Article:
I was waiting for the last bus.
Road is empty, only some street dogs running, some pedestrians walking silently, a shopkeeper closing his shop, one or two beggar trying to sleep in wretched corner of a broken house. It was almost twelve in the morning.
A chilled wind is blowing. It is February but still wind has the last bite of winter before the spring arrives.
Rashbehari, a busy junction of Kolkata now quietly beginning to get silent. A thin layer of dew slowly making the silver tram-lines wet..thus the silver lines sometimes shining.
And at that moment I found the Balloonwalah coming.
His tall, thin figure with bunch of balloons held by string in his hand.
He came towards me and smiled and said, ‘ Akta Balloon Babu?’(Will I take a balloon?)
I often take balloon from him not only because I like the smile of the simple man seeing a balloon sold but also that to give my small six years old nephew ‘Poppye’ a balloon each morning when he gets awake from sleep.
But today I was in no mood of buying a ballon. As today was Poppye’s birthday and I told this man to bring me twelve balloons to me yesterday night so that I can gift it to Poppye this very morning to make it special.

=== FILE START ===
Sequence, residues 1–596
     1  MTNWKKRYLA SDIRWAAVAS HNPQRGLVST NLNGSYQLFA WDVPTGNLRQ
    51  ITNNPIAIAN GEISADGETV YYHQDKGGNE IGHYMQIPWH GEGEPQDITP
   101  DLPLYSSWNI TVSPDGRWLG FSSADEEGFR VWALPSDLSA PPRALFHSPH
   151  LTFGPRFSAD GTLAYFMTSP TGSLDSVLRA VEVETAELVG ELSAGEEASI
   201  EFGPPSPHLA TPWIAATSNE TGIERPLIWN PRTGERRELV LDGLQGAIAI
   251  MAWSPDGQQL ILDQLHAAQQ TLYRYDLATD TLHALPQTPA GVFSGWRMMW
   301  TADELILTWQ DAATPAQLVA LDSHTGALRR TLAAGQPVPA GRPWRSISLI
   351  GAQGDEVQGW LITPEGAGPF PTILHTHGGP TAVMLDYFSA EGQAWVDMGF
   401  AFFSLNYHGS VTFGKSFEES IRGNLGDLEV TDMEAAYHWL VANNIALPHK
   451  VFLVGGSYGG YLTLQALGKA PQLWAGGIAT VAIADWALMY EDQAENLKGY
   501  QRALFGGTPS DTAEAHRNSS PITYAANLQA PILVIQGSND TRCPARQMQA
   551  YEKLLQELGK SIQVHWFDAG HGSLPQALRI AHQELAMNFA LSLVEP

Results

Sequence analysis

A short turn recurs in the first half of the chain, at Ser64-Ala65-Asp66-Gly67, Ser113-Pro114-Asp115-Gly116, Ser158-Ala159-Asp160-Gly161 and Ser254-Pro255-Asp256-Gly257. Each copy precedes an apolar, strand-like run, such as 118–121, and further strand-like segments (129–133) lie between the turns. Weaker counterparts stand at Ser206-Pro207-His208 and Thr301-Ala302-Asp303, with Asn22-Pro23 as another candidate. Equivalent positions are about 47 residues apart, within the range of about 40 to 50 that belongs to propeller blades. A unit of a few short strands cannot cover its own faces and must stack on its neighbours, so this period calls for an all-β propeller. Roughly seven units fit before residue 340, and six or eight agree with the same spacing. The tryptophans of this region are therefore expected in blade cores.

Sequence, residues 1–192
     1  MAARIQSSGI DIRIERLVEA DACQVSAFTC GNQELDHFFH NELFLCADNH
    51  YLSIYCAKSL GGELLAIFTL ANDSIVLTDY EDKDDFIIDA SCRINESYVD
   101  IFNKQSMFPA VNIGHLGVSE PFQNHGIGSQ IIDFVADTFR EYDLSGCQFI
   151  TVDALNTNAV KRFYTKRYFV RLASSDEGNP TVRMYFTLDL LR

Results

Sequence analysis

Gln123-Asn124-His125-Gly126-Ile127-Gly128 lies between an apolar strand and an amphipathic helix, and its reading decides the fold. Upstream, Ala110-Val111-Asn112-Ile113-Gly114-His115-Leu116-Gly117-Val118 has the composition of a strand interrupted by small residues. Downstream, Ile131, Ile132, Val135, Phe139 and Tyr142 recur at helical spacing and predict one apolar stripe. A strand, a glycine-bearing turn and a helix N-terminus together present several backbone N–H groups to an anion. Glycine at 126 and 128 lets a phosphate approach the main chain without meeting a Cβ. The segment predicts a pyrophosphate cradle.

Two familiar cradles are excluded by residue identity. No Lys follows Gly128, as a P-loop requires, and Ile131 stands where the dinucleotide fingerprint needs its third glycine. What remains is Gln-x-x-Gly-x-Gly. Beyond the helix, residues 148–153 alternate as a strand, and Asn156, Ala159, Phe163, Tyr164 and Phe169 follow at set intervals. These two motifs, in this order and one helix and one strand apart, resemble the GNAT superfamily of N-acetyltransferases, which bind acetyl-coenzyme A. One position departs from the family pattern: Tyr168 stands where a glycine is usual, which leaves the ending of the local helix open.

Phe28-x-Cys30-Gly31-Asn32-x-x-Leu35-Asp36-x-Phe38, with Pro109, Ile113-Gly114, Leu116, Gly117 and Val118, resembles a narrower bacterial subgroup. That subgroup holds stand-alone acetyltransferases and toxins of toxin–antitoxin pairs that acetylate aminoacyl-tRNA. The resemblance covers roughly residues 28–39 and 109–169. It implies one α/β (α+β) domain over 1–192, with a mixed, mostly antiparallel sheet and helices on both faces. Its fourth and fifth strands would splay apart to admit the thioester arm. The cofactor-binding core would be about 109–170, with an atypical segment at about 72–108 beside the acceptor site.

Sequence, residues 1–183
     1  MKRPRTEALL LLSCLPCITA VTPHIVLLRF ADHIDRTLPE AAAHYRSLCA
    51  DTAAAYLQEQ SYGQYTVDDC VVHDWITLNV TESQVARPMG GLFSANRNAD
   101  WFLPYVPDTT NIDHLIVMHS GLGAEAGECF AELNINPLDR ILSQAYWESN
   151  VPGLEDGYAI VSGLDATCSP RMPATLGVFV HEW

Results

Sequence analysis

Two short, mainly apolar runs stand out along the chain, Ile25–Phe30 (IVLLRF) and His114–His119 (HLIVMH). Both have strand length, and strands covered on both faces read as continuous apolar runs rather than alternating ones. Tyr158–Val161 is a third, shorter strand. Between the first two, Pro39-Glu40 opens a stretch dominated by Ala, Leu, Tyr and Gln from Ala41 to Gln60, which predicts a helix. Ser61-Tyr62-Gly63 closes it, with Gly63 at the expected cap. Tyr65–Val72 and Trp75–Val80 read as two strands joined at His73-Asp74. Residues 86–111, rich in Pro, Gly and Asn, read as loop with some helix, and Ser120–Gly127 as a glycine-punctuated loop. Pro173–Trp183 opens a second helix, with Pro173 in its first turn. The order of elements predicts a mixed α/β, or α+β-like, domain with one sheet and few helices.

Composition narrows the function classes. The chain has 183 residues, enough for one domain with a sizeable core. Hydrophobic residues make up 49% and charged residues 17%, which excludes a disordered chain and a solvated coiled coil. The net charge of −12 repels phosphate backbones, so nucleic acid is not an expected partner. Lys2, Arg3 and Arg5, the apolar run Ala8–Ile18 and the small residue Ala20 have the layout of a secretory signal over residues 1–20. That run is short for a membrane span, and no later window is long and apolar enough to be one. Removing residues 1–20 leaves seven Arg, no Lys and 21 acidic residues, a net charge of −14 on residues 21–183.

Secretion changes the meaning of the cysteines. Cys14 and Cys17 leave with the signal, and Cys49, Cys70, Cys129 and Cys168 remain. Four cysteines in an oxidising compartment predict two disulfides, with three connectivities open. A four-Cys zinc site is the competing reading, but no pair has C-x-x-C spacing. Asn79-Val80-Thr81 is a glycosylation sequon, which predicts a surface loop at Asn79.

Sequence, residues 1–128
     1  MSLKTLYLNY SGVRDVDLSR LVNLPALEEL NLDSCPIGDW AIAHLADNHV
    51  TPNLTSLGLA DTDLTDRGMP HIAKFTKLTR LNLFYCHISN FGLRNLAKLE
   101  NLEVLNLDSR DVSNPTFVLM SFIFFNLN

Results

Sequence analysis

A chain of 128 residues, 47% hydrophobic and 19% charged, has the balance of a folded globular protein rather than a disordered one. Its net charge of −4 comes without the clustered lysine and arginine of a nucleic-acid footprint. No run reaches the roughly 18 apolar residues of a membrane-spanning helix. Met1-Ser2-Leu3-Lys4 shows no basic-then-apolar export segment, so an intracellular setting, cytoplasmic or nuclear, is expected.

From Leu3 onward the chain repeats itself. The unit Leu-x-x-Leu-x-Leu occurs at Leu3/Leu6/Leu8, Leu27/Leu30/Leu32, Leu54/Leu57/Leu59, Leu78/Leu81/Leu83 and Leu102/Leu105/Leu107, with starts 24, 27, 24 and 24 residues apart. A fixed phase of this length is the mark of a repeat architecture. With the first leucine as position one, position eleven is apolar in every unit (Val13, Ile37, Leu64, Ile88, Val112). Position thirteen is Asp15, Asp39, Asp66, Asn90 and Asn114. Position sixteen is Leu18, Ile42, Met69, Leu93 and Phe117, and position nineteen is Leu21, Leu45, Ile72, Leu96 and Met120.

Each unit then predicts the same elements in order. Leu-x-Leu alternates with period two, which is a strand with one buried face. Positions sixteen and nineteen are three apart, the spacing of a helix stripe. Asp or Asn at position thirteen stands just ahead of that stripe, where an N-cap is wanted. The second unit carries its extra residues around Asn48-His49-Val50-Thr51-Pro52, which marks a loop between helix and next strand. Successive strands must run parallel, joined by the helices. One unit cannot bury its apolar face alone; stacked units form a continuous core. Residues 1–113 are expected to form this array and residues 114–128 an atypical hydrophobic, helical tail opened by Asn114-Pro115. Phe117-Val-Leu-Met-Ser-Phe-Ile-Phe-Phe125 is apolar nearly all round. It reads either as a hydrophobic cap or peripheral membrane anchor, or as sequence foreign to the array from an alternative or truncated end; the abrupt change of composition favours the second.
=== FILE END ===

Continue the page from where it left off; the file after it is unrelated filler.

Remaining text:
But yesterday only the Balloonwalah did not came. And thus I lost the chance to wish Poppye today with those balloons and see his priceless heavenly smile!
‘Babu aj balloon neben na?’ (Babu, no more balloon today?)
‘No, I said, ‘Why didn’t you came yesterday? I told you to bring a dozen balloon for me..why?’
The person looked at my eyes.
My irritation came back. I said in local dialect ‘You destroyed all my plans!’
The balloonwalah took two balloons in his hand and said ‘Take these two Babu!’
I nodded. No, I am not going to take any one.
‘Why you didn’t came yesterday?’
The balloonwalah looked again and then said softly..as if in a dearth of searching words,
‘Kal mera beta mar gaya Babu!’
(‘Yesterday my son died babu!’)
At that moment the last bus came and stopped in front.
I stepped up.
The bus started to move.
I have now myself lost all the words.
Instead I turned.
Through the empty, silent, dark night of Rasbehari I saw the tall, thin Balloonwalah walking slowly with heaps of red balloons in his hand.
I found that he is at this very moment not only a Balloonwalah.
But a person, a father who throughout his life would go on selling balloons to thousands of kids each day but none again to his dead son.
The Balloonwalah walked on.